While Matias, who is Kichwa and Taino, was hesitant to draw a line in the sand himself, he did explain the complicated situation Indian Motorcycle presents in his club and his community. On one hand, some Native Americans have latched onto the nostalgia embodied in the heritage brand. “A lot of Natives buy Indian Motorcycles,” he said. “We’ve kind of adopted the motorcycles into our own genre, our own presence.”
Others see it differently.
“There are members of the club who find it offensive, for sure. We have tribal chiefs in our club, we have famous Indigenous actors in our club, so there are pretty influential people in the club who, for some of them, it’s an issue,” Matias said. He described the situation as “a double-edged sword.”
The more positive edge is what non-Native people prefer to focus on when defending Indian Motorcycle, as well as sports mascots and other branding that relies on Native American culture. We’re celebrating them, as the line goes. But as Dr. C. Richard King, a professor at Columbia College Chicago who studies the racial politics of culture, explained, even so-called “positive” depictions can be harmful.
“I can’t speak to the word ‘Indian’ itself, but psychological studies have demonstrated that stereotypical images have negative impacts on how American Indian youth think about themselves and their communities, that even ‘positive’ stereotypes have these effects,” he said. He added that these stereotypes — like the Indian Motorcycle headdress logo — also make “dominant” groups feel better about themselves and “[activate] their stereotypes about other ethnic groups.”
The relatively low profile of Indian Motorcycle in American society — a niche bike manufacturer versus a national football team like the Kansas City Chiefs, which is currently fielding calls for a name change — is one reason why King believes this company hasn’t been a part of the appropriation conversation, a reason echoed by Matias. But King also noted that while Chuck Hoskin, Jr., principal chief of the Cherokee Nation, had authority to ask Jeep to stop using the tribe’s name, there’s no single group that feels compelled to lay claim to words like “Indian,” “Chief” and “Chieftain” in this situation. In conducting outreach for this story, a number of tribal leaders declined to comment.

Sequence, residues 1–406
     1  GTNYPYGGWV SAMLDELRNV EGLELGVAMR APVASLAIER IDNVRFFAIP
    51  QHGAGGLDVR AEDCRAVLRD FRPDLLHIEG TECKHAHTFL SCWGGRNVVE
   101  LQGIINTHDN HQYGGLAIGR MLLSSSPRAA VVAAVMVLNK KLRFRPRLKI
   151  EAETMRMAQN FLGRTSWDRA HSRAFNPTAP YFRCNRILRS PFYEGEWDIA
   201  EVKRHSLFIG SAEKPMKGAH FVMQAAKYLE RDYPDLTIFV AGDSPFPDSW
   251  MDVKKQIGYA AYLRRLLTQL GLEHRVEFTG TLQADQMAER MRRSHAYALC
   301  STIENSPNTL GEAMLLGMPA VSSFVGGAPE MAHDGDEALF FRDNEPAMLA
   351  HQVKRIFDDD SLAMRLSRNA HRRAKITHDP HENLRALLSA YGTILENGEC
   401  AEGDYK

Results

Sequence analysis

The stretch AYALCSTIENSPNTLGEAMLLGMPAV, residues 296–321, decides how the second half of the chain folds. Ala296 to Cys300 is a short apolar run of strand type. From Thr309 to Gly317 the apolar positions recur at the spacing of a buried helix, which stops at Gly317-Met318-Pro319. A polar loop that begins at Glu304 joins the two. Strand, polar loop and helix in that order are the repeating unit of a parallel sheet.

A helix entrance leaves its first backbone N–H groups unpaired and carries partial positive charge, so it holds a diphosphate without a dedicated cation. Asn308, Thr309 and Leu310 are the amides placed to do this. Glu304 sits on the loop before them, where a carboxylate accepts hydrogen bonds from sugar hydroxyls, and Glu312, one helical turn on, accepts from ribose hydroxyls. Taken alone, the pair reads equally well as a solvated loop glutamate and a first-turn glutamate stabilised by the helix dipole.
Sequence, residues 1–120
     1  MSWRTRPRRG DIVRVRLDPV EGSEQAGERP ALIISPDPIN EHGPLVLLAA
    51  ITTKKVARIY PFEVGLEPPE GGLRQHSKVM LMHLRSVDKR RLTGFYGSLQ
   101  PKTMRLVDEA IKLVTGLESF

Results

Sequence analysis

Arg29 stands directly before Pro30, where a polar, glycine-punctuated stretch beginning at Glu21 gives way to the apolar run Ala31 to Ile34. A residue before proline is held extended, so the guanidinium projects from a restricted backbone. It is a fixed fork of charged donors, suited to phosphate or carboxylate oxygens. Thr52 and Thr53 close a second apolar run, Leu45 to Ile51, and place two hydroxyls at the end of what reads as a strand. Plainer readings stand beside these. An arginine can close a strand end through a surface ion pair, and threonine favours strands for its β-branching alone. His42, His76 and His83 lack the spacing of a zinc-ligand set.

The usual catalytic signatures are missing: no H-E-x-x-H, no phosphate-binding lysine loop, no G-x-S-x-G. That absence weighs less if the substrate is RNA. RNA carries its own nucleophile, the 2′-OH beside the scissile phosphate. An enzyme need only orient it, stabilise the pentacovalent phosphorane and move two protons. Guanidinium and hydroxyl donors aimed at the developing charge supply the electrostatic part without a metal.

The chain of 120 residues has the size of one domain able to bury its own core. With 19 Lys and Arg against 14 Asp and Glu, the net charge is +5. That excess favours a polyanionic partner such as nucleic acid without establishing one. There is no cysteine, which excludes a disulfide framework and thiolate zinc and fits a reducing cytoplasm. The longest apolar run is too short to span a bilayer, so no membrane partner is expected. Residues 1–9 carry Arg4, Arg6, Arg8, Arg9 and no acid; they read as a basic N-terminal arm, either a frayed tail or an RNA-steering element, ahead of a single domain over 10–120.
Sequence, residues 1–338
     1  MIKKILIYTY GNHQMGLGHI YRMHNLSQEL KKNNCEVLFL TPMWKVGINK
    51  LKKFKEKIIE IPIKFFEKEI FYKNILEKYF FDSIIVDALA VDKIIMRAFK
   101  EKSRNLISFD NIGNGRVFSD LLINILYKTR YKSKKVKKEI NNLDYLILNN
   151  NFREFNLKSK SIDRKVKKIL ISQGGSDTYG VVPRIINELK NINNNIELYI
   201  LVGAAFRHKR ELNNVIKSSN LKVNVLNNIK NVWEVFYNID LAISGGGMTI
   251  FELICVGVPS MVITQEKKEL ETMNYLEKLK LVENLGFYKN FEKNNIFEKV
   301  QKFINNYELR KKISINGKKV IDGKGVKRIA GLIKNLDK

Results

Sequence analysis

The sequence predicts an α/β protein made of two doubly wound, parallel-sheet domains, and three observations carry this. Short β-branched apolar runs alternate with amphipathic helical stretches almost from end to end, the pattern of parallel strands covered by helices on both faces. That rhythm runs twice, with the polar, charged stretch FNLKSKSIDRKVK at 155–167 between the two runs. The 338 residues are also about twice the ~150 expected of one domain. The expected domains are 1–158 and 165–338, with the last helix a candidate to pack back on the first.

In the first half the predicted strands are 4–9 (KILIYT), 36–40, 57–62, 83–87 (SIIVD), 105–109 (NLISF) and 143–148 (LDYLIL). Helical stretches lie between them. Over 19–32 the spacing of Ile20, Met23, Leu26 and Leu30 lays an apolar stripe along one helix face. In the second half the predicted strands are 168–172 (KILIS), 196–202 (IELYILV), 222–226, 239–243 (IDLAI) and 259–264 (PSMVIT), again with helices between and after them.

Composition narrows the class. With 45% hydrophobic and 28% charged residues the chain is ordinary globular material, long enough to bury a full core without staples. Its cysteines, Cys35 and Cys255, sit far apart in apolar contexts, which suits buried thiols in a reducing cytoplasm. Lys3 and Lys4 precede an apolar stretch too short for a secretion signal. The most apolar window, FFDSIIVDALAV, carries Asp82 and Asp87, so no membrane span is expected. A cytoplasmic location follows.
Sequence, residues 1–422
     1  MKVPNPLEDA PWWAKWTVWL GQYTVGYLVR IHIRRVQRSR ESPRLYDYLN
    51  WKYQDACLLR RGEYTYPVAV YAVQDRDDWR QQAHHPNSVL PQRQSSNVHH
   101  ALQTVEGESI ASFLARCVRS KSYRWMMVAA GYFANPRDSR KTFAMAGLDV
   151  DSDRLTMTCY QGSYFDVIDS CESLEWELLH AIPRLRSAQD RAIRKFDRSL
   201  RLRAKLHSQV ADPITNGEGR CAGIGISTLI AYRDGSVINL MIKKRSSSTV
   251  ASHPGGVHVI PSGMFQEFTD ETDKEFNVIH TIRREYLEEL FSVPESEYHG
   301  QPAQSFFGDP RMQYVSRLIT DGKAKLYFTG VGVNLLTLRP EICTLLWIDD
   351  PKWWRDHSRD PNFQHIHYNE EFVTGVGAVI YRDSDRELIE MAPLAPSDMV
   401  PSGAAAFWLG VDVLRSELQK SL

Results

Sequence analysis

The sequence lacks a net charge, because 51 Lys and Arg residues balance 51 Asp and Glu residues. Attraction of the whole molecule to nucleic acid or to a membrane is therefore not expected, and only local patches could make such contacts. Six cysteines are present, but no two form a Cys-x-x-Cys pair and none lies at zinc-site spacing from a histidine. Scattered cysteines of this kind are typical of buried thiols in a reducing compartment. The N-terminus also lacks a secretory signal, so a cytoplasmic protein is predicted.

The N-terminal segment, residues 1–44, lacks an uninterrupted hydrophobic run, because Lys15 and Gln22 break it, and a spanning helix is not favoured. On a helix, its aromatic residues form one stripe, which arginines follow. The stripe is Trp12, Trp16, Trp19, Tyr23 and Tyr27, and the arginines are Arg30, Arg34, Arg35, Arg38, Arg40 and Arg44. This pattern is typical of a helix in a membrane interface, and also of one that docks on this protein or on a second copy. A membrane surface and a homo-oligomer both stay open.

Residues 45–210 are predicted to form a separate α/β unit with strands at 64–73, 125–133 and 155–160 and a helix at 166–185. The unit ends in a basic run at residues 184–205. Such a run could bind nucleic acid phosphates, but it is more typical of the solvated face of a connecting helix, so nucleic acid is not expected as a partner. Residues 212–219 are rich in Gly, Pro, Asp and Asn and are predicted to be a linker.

When asked if these sorts of semantic debates are a distraction from more direct instances of racism or disenfranchisement, Dr. Debra Merskin, a media studies professor at the University of Oregon whose research has looked at the stereotyping of Native Americans, responded with an emphatic “no.” She said via email that these depictions “are symptomatic of deeper problems that are economic, political, sociological, legal and otherwise that plague many Native nations.” She added that a big issue is that outsiders “are defensive when presented with the opportunity to learn why they are of concern.”
Matias, whose connection to the Indigenous community also extends to his role as cultural director of the Redhawk Native American Arts Council in New York City, has a few ideas for how to start a more productive relationship with Indian.
“I’ve had conversations with Indian Motorcycles before, they’ve asked my opinion,” he said. “But they need to continue that and also should support Indigenous causes or be at the forefront of some of the social justice issues or even just supporting Indigenous education.”
The Indian Motorcycle name goes back over a century, so the company may be more amenable to advocacy and charitable initiatives versus changing the name entirely. But as King mused, “If Quaker Oats can be compelled, after over 100 years, to retire Aunt Jemima, I would imagine that it’s possible to imagine scenarios where this motorcycle brand would change its name as well.”
Update (3/17/21): This story was updated to include a comment from IllumiNative’s Crystal Echo Hawk